GoodEyebrowDay Tue 10-Jan-17 09:07:49

I only managed 6m before I had to stop. You've done bloody brilliant to last almost 2 years, well done

GoodEyebrowDay Tue 10-Jan-17 09:08:41

Oh & I felt totally guilty at first but now, 6m down the line I barely even remember the bf days let alone feel guilty about them. Don't have the time!

NotWithoutMyMerkin Tue 10-Jan-17 09:08:48

I stopped on my Dd's second birthday. We built up to it gradually, I might weaned and then dropped feeds one at a time so we were left with one a day. Plenty of warning that after her birthday no more milk. It was fine in the end, I think because we did it slowly

YokoUhOh Tue 10-Jan-17 09:11:42

2 years is great, be kind to yourself.

DS1 would also have carried on until he was 35, but I stopped his final bedtime feed at 2.8 because breastfeeding was too effective a contraceptive and I wanted to conceive DC2 (now DS2!).

rightsofwomen Tue 10-Jan-17 09:13:49

Of course YANBU, BF is a two way partnership.

Please don't feel guilty, it benefits no one, though I do understand.

You have given your DD such a great start.

The only thing I would say is that there are ways to set boundaries for your DD should you wish to continue. At nearly 2 she is able to learn to BF at certain times (say nap and bed time). With both mine I believed that they associated BF with comfort, which is fine of course, but they need to learn that there are other ways to find comfort.

So I went through a period with both of them of saying no to BF and trying to distract them or show them other ways to find comfort. This is when your Mum could help - just whisk your DD away and distract.

Or just be firm and say "no Mummy milk now, Mummy milk at nap time". You could tell her that BF only happens upstairs in her bedroom (or whatever). It was tough for a few days and there was a w/e I felt I couldn't sit down for fear of top tugging, but it was worth it as we were both much happier when BF just happened a couple of times a day. Both went on to self-wean.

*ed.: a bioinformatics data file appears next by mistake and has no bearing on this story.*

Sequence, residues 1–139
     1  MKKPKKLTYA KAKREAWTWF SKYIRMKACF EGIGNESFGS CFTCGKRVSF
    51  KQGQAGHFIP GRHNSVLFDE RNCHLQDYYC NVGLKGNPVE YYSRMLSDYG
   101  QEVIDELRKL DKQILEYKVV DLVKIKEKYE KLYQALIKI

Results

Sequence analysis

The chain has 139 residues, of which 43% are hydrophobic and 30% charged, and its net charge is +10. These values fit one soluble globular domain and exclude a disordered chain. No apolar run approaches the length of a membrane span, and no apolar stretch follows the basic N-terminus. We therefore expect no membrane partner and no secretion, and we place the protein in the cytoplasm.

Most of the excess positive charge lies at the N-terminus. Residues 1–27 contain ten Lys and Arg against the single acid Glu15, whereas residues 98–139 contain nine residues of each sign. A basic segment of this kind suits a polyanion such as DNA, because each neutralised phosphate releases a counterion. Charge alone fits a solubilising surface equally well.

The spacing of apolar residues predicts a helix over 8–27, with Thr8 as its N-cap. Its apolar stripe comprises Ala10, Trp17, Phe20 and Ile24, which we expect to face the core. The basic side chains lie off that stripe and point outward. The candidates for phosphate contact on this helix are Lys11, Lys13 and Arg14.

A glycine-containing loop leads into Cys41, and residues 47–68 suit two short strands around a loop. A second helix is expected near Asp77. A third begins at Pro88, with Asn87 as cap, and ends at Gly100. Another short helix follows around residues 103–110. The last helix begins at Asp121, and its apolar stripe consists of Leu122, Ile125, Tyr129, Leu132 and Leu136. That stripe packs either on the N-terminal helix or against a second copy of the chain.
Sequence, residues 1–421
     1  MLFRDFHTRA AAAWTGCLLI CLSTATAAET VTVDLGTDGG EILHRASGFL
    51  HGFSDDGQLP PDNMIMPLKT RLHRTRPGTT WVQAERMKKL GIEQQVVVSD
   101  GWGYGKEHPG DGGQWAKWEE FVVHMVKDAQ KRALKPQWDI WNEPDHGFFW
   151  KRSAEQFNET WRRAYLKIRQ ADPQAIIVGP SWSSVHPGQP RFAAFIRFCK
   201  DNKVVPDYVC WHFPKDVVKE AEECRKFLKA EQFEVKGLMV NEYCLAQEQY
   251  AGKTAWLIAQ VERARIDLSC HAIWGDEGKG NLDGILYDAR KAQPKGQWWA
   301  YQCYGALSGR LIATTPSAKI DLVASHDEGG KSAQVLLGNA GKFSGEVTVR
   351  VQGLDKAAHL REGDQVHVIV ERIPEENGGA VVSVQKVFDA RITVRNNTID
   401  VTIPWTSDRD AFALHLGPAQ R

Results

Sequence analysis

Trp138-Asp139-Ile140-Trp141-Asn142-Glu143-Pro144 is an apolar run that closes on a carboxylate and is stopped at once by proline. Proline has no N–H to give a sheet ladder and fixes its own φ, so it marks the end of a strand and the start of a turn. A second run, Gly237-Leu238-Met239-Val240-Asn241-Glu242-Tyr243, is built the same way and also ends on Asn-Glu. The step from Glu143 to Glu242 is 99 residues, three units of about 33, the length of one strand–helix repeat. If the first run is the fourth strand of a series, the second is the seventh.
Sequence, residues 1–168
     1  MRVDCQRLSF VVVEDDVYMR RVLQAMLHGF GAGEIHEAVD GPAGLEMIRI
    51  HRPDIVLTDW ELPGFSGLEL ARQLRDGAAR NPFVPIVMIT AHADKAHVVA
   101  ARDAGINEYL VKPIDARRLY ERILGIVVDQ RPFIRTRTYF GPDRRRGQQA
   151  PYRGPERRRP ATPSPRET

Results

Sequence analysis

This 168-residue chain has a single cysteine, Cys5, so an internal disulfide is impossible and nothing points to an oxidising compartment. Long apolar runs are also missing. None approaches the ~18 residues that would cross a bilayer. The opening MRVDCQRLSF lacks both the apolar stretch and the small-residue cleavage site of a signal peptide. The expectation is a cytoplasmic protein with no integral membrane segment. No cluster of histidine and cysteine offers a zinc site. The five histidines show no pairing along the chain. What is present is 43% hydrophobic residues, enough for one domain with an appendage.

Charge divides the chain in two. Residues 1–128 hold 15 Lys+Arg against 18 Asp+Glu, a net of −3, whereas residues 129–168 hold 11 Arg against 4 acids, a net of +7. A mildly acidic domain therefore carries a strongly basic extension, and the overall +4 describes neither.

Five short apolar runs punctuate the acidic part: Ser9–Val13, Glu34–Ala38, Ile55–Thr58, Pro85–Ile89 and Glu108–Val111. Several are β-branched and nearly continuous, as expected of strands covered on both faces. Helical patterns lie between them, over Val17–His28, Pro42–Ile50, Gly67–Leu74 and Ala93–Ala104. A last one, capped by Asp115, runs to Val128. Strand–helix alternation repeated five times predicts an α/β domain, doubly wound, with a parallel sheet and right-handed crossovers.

WeedlesHatOfDisappointment Tue 10-Jan-17 09:13:57

Just want t say, 2 years is amazing! Seriously, well done.
I think regardless of when you give up breast feeding, there is always guilt associated with it. Once you've done it, the freedom is lovely!

Gooseygoosey12345 Tue 10-Jan-17 09:17:22

2 years is brilliant! I managed 3 weeks with DD1 and felt so guilty! My midwife told me to stop in the end (I had severe PND, it wasn't helping). You do need your body back, and you feel ready so it's ok to stop. Hoping I can last as long this time

dustarr73 Tue 10-Jan-17 09:24:03

I know the feeling you just to have your body to yourself.My last child i weaned him at 18 months.He only fed at night and in the morning.It was getting to the stage i just didnt enjoy it anymore.

Break the habit.My dp used to put him in the bed in the morning for a feed so i stopped that.Got up and got breakfast.Same with nighttime,got dp to do bedtime.After a few days it was grand.He did look for a feed a few times but i told him no.Good luck.

HardofCleaning Tue 10-Jan-17 09:27:55

in terms of how we did it cutting back gradually worked well for us. First night weaning, then only in the morning and before bed, then only in the morning then not at all.